I fist learned of Makoto Shinkai through his short film Voices of a Distant Star, which he animated himself on his personal computer and came out 15 years ago. It’s the story of a young female mech pilot sending text messages to the boy she likes, but as she travels farther and farther from Earth the messages take longer and longer to reach Earth; it is what you would call a “sad story.” It’s got that hard sci-fi knack for being a single idea executed simply. It blows out teenage longing into a real separation and distance, while remaining relatable. It’s good and more importantly it shows promise.
It’s also not something I’d recommend because it’s more good for what it is, a thing basically made by one dude. It’s really more of a good portfolio piece then a good piece of entertainment.
I haven’t really kept up with his career, but looking over his filmography of features with actual staffs and production I’d say the themes and sensibilities he established early carried through. He seems to have made some more sad stories.
Everything that’s good about Voices of a Distant Star (and I assume most of his other work) is present in his latest movie Your Name, but there’s also so much more.
Your Name gives the audience and characters room to breathe and have fun. Sadness, longing, and loneliness are parts of this story but this story isn’t just about those things. We’re allowed to see these characters get to know each other, and how their relationship develops, and how they change each other; even though our two leads haven’t even really met.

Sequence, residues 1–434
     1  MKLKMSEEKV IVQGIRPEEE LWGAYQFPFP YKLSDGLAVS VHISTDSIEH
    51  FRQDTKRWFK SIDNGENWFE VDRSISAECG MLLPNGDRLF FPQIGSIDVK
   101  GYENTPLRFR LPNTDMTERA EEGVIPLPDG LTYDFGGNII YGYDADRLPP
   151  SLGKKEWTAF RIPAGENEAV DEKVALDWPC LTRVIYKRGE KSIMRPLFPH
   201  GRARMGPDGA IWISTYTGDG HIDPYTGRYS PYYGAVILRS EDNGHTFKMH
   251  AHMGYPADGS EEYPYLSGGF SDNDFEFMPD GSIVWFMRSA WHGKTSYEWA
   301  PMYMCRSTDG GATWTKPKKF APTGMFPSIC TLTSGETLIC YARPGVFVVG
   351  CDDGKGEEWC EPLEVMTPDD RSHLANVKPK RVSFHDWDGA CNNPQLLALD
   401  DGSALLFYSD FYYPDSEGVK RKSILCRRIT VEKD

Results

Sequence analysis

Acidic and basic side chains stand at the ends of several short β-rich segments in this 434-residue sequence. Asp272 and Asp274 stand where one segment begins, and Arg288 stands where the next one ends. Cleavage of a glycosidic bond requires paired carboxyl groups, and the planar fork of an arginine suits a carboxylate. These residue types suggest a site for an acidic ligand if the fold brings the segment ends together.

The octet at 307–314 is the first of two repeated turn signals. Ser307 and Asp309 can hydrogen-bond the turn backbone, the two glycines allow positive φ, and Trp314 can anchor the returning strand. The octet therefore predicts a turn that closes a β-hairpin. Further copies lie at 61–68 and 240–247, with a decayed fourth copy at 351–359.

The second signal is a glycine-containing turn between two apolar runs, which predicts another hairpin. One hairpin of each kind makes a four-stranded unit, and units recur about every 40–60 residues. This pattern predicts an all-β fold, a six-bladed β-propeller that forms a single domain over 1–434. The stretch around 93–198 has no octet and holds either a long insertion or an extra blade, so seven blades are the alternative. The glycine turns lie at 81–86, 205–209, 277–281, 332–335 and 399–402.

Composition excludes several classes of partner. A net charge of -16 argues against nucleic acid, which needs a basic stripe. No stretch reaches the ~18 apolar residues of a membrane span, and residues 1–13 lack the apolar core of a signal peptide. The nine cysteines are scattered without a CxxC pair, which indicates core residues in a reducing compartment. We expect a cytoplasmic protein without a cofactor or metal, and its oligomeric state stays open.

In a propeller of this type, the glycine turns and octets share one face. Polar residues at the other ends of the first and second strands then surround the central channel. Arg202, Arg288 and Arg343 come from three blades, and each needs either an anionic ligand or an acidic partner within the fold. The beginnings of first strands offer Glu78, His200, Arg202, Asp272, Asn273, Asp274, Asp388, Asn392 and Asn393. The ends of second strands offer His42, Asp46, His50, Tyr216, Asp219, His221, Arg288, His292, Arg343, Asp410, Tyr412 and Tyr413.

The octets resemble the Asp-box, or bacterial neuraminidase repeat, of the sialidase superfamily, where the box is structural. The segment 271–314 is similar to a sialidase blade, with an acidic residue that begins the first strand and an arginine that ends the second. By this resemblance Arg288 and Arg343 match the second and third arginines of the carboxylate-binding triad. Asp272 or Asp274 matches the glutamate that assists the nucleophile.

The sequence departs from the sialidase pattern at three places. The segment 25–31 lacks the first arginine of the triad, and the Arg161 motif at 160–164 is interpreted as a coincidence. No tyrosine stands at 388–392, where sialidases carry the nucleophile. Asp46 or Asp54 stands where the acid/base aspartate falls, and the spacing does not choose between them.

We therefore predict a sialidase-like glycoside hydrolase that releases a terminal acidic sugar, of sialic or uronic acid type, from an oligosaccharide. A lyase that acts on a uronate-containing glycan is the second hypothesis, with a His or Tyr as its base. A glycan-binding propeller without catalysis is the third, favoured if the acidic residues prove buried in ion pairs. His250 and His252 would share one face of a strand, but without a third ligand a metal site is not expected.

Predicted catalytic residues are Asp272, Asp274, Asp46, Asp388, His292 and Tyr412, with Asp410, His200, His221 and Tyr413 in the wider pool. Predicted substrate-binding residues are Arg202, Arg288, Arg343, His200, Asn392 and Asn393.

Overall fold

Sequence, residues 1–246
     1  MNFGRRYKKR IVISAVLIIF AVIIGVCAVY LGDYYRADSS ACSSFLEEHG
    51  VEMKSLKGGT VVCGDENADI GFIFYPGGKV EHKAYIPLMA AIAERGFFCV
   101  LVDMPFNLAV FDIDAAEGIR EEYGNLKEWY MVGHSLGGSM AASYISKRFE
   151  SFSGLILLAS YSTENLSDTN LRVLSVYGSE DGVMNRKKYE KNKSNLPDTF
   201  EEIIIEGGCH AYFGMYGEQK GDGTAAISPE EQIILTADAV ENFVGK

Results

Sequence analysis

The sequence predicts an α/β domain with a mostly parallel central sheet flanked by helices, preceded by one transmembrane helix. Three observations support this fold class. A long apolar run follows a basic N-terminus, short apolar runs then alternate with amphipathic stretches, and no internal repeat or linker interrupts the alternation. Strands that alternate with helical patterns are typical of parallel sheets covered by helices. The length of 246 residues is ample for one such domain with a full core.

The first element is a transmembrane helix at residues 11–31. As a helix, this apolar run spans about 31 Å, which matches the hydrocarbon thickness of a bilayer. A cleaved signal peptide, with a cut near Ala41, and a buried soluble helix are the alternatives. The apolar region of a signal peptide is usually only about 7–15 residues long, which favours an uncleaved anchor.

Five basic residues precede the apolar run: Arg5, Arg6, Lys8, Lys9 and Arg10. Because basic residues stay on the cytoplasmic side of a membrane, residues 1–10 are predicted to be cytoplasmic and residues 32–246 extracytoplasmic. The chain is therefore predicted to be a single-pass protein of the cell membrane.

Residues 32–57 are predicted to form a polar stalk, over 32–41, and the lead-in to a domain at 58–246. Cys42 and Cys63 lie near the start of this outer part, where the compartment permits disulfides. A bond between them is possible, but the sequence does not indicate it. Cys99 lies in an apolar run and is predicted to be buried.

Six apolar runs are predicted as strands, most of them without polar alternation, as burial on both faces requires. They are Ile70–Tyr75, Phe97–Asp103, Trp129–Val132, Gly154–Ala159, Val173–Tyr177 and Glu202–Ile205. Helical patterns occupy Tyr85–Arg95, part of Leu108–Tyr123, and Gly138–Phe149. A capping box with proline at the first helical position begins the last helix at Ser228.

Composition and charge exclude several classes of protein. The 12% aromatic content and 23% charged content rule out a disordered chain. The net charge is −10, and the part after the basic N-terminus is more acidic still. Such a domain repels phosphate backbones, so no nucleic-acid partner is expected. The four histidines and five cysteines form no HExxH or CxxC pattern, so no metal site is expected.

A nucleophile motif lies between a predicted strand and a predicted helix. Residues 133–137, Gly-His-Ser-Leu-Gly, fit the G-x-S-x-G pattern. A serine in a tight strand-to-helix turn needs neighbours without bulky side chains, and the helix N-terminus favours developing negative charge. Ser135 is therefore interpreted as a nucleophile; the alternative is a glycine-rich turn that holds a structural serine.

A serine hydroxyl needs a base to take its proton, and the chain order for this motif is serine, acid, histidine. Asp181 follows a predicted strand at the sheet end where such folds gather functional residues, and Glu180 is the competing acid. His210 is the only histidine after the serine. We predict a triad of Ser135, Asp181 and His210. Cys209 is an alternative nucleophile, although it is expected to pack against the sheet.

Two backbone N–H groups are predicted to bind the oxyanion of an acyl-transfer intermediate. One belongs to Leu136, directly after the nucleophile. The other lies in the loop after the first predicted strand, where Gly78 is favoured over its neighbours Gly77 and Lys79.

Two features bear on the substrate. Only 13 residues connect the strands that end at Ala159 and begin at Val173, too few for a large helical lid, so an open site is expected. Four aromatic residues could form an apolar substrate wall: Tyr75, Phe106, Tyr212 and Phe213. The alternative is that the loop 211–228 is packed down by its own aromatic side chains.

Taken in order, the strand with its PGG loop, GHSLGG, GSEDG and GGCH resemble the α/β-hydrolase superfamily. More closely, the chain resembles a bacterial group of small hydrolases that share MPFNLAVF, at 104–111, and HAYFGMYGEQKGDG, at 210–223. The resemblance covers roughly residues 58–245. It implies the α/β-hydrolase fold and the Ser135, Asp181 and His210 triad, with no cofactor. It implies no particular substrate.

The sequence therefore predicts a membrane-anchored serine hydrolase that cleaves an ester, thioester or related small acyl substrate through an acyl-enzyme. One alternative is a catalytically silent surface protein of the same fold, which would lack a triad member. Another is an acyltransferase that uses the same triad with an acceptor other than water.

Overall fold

The simple layout for the story is that a boy (Taki). who lives in the city and a girl (Mitsuha),who lives in a small country town, wake up in each others bodies repeatedly. The process is compared to dreaming, and when they wake up in their own body they have trouble fully remembering what happened when they were the other person. It happens so frequently (several times a week) that they develop a system of guidelines and keep journals to inform the other of what they did in their body.
The key to these early parts is how funny the movie is and how likeable the characters are. The film sucks you into their situation and gets you to care about them before it drops the plot bomb on you and them. Body swapping is not a new idea, particularly in anime, but Makoto Shinkai uses it as a very effective tool for establishing these characters and the mundanity of their lives, both to each other and the audience all while setting up the real plot.
To talk about this movie anymore in depth I’m going to need to talk about that plot a bit so if you haven’t seen the movie and want to go in completely fresh, consider this a strong recommendation. And if you’re still on the fence this’ll just be a soft midpoint spoiler that ‘ll let you know where the movie goes and not a complete point by point rundown of the events of the film.